The truth about tooth loss
article by Adam Patel
At what age am I at risk of losing a tooth?
Patients of all ages are at risk of losing teeth with various potential causes. Although tooth loss is more commonly associated with the elderly, research has shown that up to a third of the population will lose their first adult tooth between the ages of twenty one and thirty.
What are the overall effects of having a tooth extracted?
Evidence has shown that losing a tooth can have detrimental health, physical and psychological effects on individuals. Tooth loss directly affects ones self-esteem as it can alter the way you smile and your overall lower facial features.
What are the health detriments to losing a tooth?
Losing a tooth can have various oral and general health related repercussions. Teeth play a pivotal role in the pronunciation of words. Thus, depending on the position of the tooth in the mouth and how many teeth are missing, patient’s speech can be adversely affected.
When a tooth is extracted a patients overall chewing efficiency is reduced and in turn unfavourable forces are exerted on the remaining dentition. This can lead to weakening of other teeth and a change in dietary habits. Patients with fewer teeth tend to favour a softer diet avoiding foods that require extensive chewing. This can lead to various nutritional deficiencies as often foods containing important nutrients are avoided.
If there is an imbalance of teeth on one side of the jaw, patients will be inclined to chew more frequently with one particular side of the mouth. This can generate excessive strain on the jaw joint and muscles on one side of the face leading to further pain and discomfort.
What are the physical effects of losing a tooth?
When a tooth is extracted the immediate surrounding bone will collapse and breakdown within the following months. Apart from the obvious oral physical defect that will be visible when you talk and smile the impact is more widespread. The part of the jaw where the tooth was lost can continue to shrink for many years and cause a collapse in the facial soft tissue (such as cheeks and lips) which can manifest itself by making your facial appearance more aged and wrinkled.
Within the mouth, adjacent teeth may move into the space left by the extracted tooth, causing alterations in your bite and chewing habits. The alignment of your teeth becomes more vulnerable and the chances of the teeth becoming crooked increases.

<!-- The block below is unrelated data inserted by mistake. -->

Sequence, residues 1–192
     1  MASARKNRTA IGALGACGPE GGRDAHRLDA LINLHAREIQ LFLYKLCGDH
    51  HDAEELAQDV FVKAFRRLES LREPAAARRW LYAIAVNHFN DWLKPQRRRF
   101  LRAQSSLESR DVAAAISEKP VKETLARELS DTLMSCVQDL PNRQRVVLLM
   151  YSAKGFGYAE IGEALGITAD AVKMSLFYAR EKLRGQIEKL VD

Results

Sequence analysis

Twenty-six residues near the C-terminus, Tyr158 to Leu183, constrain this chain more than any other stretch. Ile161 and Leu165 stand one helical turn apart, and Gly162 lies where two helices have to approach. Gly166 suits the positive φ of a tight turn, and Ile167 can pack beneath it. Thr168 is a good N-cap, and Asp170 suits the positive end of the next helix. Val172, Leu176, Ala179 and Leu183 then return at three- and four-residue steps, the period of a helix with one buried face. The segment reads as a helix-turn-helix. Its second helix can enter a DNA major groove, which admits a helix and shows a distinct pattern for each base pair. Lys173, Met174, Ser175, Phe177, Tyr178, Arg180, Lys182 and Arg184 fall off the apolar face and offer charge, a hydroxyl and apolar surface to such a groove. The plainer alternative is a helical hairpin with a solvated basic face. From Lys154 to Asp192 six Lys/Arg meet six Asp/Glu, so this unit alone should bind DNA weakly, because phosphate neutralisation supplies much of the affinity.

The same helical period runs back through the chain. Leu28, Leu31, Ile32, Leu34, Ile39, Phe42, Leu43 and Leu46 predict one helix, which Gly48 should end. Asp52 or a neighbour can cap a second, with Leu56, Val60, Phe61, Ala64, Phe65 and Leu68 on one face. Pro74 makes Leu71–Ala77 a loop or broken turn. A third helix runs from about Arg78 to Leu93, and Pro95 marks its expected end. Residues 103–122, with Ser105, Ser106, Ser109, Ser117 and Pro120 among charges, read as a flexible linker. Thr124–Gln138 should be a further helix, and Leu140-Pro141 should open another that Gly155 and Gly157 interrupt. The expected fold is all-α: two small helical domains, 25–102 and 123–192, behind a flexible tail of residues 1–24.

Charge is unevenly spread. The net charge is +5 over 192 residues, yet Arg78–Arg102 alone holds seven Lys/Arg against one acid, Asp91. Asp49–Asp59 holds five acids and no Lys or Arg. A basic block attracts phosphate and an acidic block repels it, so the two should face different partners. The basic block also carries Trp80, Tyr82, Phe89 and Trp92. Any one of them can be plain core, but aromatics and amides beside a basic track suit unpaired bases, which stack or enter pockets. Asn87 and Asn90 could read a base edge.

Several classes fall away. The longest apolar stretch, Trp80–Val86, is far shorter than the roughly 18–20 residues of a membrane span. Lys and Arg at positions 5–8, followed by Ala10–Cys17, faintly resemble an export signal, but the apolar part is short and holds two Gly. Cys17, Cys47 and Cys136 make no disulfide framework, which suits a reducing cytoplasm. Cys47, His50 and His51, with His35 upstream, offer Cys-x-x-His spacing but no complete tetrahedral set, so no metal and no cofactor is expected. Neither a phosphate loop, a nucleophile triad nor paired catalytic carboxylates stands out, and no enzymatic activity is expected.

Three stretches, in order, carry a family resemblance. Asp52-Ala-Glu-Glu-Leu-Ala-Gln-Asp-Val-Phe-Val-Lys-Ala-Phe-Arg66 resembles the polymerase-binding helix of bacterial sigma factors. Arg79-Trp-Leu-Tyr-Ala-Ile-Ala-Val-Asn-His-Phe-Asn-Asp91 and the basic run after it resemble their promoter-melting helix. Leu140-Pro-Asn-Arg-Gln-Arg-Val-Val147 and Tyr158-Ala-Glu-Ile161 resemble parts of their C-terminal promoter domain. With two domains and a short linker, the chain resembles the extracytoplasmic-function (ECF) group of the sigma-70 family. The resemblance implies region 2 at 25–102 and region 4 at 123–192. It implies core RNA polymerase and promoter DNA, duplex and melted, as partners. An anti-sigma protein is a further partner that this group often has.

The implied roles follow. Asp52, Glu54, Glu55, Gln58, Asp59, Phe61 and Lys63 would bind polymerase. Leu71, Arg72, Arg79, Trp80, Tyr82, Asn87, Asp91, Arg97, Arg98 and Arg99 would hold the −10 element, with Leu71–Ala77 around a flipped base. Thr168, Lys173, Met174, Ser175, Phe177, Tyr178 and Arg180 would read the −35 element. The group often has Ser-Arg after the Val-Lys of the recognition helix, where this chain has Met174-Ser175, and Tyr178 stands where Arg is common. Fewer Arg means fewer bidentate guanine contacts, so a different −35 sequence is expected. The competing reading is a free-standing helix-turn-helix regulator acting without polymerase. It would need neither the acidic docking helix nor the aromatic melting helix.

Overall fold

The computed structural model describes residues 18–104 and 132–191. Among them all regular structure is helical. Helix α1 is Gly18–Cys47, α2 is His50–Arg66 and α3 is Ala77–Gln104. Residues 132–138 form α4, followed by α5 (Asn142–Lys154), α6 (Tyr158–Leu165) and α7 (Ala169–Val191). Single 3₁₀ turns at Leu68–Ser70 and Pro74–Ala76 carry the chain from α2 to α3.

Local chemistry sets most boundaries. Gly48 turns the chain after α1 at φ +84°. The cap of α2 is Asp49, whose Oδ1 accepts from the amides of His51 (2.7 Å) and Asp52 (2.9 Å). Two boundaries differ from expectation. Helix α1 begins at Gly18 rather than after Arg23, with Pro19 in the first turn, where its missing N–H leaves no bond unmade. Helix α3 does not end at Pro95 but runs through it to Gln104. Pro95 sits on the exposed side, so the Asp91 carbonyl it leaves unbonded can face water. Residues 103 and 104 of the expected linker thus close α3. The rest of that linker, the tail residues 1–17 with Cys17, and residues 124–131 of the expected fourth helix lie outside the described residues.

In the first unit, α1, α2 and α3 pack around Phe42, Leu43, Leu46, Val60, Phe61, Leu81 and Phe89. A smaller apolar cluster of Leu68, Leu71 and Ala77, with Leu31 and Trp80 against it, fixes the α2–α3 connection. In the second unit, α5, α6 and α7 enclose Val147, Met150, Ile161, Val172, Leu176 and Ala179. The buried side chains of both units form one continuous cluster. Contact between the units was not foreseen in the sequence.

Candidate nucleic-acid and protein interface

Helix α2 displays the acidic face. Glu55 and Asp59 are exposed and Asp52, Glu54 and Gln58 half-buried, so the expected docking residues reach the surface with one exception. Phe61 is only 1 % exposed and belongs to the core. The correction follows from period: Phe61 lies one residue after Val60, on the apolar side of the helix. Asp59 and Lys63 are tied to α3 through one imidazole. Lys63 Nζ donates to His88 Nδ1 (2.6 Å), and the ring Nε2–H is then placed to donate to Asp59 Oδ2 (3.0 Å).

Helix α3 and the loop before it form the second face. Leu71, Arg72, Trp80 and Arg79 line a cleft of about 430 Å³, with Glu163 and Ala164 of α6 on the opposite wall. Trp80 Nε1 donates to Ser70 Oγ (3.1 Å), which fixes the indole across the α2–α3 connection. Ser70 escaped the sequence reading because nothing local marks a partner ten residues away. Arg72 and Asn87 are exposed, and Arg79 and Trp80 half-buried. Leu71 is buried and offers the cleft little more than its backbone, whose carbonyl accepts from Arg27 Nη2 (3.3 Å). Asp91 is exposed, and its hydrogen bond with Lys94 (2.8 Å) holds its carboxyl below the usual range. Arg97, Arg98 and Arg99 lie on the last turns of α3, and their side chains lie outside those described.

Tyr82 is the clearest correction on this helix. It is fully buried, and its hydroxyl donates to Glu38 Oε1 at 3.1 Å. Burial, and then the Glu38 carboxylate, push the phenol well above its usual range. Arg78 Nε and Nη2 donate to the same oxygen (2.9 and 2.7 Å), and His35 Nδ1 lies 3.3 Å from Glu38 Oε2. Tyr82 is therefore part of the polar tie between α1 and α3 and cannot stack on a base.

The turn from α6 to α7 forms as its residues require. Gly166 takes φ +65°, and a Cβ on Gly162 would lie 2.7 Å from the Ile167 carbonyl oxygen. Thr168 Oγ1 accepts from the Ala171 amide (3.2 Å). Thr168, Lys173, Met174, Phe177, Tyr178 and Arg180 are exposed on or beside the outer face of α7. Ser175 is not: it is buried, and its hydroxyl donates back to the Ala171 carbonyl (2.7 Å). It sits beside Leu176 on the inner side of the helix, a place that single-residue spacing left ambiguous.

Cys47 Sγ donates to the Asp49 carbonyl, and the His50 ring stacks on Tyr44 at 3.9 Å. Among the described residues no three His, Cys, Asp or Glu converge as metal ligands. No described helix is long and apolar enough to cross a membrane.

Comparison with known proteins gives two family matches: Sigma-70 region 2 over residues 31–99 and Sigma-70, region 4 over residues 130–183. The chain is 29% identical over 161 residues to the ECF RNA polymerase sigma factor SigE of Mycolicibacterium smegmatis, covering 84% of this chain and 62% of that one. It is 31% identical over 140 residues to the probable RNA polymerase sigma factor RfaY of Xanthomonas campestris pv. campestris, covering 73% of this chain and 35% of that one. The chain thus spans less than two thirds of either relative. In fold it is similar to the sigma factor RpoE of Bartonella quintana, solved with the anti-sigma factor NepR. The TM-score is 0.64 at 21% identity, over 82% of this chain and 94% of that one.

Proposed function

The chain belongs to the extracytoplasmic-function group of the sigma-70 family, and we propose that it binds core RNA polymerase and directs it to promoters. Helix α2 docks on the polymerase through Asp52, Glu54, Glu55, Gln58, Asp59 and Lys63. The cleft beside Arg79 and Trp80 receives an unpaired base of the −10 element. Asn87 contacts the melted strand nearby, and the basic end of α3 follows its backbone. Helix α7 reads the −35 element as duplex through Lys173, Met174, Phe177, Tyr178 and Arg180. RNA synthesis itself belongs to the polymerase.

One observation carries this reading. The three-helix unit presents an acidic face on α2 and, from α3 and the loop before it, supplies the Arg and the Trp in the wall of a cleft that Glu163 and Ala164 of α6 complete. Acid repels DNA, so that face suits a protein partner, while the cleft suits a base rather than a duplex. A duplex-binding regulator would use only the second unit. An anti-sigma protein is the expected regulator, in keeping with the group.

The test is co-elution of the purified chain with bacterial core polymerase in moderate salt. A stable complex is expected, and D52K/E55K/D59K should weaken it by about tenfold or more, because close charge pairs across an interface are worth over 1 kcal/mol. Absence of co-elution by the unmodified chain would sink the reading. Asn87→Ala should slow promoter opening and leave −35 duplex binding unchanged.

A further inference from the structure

What are the psychological implications of tooth loss?
There are long-term psychological ramifications of losing teeth. Many patients experience an increase in self-consciousness, reduced self-confidence and a subconscious reduction in their willingness to smile openly. Often this can impact gravely on an individual’s social life.
Can lost teeth be replaced?
Yes, teeth can be replaced with removable dentures, fixed bridgework or implants depending on your individual circumstance, remaining dentition and overall oral and general health. Although replacing teeth with prosthetic replacements is a viable solution, nothing can and will ever feel and function as effectively as your own natural tooth.
Is it worth replacing lost teeth?
Yes, it is invaluable. Many of the health and psychological effects discussed above can be minimised or eliminated with the correct replacement solution. Replacing teeth should not be considered an unnecessary cost, but rather a sound investment in ones future health and appearance.
What are dental implants?
A dental implant is a titanium fixture that an implant dentist will place in your jawbone. It holds a false tooth (or teeth) in place. Over several months, your jawbone will fuse with the metal root. Dentures or bridges can be screwed or clipped onto the implant. Implants are considered the gold-standard restoration in modern day Dentistry as they are the strongest, longest lasting life-like restorative option available to you.
Share this article
There is no comments on this post.
Leave a Reply
Your email address will not be published. Required fields are marked *